The daily Nebraskan. ([Lincoln, Neb.) 1901-current, September 24, 1997, Page 5, Image 5

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    Road to acceptance
Hope for future maintainedcompany of shadows
KASEYMRMIR is a junior
news-egHprial major and a
Daily iQgoraskan columnist.
I found something in high school once.
To most people, it was a few tattered
pieces of paper destined for a gust of wind
or a wastepaper basket.
But to me it was the epitome of what
was, what is, and what continues to be, my
It’s a single sentence, scratched onto a
piece of notebook paper. It says, simply:
“You will find a way.”
I don’t know who wrote it or even where
I found it. Yet I’ve held onto that scrap of
paper for years, never willing to let go of
the phrase until its meaning became clear.
As time went by, I left my home state of
Florida to come to Nebraska, leaving every
thing I knew for what I could never expect.
Still the phrase followed me, baiting me
with its words.
When I left Florida, I left a shadow, a
shadow of someone else. I didn’t like what I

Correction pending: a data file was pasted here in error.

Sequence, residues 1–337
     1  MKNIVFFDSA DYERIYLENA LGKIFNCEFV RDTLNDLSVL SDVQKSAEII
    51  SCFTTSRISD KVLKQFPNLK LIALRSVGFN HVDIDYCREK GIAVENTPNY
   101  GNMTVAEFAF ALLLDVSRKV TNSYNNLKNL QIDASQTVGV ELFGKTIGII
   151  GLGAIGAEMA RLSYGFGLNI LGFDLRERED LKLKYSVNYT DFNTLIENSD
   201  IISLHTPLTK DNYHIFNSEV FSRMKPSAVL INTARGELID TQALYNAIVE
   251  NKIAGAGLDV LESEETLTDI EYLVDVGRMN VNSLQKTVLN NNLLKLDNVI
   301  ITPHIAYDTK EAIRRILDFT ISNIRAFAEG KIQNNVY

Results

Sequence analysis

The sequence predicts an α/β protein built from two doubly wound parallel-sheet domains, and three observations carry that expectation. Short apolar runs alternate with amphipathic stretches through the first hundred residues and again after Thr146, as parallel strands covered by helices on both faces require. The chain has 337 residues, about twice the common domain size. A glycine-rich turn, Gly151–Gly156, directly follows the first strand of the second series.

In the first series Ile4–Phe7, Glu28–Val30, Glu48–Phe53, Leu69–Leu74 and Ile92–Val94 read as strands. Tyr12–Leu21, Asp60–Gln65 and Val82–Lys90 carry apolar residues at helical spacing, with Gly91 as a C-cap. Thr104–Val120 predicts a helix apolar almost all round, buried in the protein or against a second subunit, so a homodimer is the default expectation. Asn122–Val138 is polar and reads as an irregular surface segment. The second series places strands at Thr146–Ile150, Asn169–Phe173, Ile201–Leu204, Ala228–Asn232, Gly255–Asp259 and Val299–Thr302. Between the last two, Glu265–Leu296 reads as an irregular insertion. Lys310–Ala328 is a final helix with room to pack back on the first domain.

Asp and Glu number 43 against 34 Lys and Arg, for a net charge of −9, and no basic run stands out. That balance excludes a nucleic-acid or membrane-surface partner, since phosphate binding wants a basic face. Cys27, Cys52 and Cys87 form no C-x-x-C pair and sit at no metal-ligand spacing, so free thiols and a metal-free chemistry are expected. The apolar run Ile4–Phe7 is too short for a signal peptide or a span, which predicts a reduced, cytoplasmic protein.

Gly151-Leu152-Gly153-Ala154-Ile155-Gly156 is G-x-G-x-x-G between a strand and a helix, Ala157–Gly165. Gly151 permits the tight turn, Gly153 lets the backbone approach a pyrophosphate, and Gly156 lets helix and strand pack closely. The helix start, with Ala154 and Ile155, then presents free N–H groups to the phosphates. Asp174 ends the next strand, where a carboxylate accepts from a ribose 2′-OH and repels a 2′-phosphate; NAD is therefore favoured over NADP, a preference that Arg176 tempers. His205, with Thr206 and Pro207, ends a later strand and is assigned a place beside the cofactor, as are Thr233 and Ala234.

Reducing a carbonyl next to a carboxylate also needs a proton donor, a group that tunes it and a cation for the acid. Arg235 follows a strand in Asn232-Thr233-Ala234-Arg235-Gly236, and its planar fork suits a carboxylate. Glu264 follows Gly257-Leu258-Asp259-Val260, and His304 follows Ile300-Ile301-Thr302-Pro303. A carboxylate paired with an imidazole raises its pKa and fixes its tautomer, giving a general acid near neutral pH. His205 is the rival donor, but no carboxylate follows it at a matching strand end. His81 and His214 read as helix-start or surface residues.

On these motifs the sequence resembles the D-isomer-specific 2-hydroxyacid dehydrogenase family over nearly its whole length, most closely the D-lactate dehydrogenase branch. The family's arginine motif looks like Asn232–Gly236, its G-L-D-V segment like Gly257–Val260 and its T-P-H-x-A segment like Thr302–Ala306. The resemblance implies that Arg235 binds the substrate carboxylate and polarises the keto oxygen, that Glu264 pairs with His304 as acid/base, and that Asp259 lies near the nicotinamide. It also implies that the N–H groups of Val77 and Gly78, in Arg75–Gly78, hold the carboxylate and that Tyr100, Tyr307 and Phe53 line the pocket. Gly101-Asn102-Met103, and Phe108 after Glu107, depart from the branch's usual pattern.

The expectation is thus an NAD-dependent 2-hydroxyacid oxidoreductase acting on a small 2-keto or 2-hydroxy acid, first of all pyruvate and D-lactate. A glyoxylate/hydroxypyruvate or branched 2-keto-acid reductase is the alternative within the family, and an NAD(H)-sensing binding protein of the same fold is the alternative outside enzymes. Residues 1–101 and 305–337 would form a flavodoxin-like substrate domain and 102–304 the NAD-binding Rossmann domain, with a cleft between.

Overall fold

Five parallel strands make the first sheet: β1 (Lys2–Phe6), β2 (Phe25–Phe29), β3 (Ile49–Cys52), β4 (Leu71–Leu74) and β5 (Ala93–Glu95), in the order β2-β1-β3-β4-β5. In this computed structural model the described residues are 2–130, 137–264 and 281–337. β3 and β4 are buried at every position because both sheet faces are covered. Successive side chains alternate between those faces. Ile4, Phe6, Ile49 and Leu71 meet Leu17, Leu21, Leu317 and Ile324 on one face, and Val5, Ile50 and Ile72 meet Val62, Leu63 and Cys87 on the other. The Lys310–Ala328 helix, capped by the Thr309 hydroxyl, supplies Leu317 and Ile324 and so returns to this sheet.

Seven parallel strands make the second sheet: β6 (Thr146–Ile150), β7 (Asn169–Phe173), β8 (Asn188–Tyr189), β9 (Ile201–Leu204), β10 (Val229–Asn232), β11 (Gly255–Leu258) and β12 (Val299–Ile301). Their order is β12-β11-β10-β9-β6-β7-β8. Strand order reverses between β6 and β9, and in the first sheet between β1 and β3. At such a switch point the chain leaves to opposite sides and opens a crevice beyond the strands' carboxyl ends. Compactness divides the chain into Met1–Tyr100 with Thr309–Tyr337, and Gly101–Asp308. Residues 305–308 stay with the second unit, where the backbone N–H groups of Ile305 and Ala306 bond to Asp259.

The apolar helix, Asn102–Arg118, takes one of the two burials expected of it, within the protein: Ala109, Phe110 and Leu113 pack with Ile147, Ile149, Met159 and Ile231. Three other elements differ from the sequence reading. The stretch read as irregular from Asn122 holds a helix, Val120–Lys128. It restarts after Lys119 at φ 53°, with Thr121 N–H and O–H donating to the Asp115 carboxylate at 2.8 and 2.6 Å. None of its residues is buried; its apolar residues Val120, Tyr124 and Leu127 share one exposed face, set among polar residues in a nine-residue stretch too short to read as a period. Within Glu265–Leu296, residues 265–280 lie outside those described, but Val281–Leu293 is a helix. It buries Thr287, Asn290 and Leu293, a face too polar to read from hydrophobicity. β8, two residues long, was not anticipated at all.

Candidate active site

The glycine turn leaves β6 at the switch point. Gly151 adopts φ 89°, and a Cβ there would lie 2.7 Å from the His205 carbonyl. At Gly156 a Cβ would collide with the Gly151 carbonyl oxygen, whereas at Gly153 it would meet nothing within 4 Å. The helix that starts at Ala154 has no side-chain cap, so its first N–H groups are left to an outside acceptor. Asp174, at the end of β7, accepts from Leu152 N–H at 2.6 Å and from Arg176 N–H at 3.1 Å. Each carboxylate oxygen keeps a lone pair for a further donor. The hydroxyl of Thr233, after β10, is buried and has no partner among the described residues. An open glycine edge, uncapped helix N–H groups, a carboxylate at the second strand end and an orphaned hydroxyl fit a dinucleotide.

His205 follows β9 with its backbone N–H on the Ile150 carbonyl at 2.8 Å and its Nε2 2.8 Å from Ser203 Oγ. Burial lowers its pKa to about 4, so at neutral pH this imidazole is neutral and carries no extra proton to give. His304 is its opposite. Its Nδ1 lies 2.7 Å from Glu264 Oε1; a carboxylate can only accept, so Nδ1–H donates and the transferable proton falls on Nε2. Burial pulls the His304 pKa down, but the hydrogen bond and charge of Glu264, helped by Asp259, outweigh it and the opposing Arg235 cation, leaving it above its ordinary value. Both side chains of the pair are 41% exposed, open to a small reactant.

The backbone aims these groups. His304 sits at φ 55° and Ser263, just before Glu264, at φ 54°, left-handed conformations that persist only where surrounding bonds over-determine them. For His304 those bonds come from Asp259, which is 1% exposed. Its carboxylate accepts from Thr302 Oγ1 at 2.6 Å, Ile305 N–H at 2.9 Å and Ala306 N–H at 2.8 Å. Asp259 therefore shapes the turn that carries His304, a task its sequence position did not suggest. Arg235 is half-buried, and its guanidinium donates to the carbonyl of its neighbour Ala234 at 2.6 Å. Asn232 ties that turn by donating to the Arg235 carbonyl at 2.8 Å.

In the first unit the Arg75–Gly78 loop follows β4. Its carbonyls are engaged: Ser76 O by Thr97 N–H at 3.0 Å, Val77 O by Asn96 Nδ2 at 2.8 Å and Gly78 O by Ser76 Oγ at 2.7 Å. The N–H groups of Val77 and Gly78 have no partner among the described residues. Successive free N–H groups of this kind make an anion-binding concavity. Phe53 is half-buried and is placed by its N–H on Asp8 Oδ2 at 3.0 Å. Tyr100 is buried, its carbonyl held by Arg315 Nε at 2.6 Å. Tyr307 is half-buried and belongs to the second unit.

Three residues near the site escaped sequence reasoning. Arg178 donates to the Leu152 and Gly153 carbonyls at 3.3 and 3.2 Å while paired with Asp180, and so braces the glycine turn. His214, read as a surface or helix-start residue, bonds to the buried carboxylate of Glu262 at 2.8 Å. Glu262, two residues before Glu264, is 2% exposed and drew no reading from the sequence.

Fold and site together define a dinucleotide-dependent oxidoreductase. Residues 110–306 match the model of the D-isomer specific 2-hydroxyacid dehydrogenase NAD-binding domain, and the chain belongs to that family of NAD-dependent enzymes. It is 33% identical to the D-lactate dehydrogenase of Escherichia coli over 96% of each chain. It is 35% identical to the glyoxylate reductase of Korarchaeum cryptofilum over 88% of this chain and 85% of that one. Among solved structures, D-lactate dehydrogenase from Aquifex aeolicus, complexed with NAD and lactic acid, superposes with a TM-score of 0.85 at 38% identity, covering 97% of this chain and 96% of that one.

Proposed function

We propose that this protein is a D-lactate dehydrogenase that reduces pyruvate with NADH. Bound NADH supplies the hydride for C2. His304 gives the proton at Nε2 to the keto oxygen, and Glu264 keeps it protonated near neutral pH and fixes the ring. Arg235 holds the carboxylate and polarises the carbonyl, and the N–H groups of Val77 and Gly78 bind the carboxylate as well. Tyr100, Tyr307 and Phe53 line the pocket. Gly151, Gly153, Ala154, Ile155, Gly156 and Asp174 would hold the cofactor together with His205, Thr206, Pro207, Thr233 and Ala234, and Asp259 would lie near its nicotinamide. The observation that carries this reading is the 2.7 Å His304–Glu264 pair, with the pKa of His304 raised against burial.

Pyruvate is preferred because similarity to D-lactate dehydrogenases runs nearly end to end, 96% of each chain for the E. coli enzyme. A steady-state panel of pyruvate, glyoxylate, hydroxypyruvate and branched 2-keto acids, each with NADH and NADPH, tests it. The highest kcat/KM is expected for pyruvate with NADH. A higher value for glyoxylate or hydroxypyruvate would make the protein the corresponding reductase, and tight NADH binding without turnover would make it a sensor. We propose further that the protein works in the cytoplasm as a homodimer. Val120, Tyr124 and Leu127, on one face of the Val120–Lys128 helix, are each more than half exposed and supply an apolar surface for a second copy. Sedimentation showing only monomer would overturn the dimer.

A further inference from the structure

had become in the 18 years of life - a guy
who never had the friends, the grades or the
breaks. My only date was for the prom, and
my only reputation was one of silence.
Yet, I was the guy everyone - you -
came to talk to. The guy who listened to
your problems no matter how bad they
seemed. I was reserved and, therefore, I
must have been a good listener. It seemed
that a nod or smile from me was all you
needed to feel better. 1 ;
Then I came to Nebraska, hoping for a
different life. One in which my voice would
sfirsa single sentence, scratched onto a piece of
notebook paper. It says, simply: ‘You will find a
y yy
finally become my guide. And for a while,
it was. I became a columnist as a freshman,
and began a steady relationship that same
But as a friend once told me, “disaster
strikes quickly.” After nearly two years, I
lost the regular columnist slot, and my
girlfriend left me. Once again I found the
shadow - if not that, the shadow found
The questions returned: “What have you
become? And what has it accomplished?”
I’ve answered those questions, slowly.
I changed only slightly from high
school, never compromising my silence
entirely. I became more vocal, but I never
lost sight of the ability to listen when it real
ly mattered.
I remained what most people call the
stereotypical “nice guy.” I’m still a little
quiet, still a tad bit intellectual, still a hard
worker, and still creative enough to be mis
And I held onto these attributes without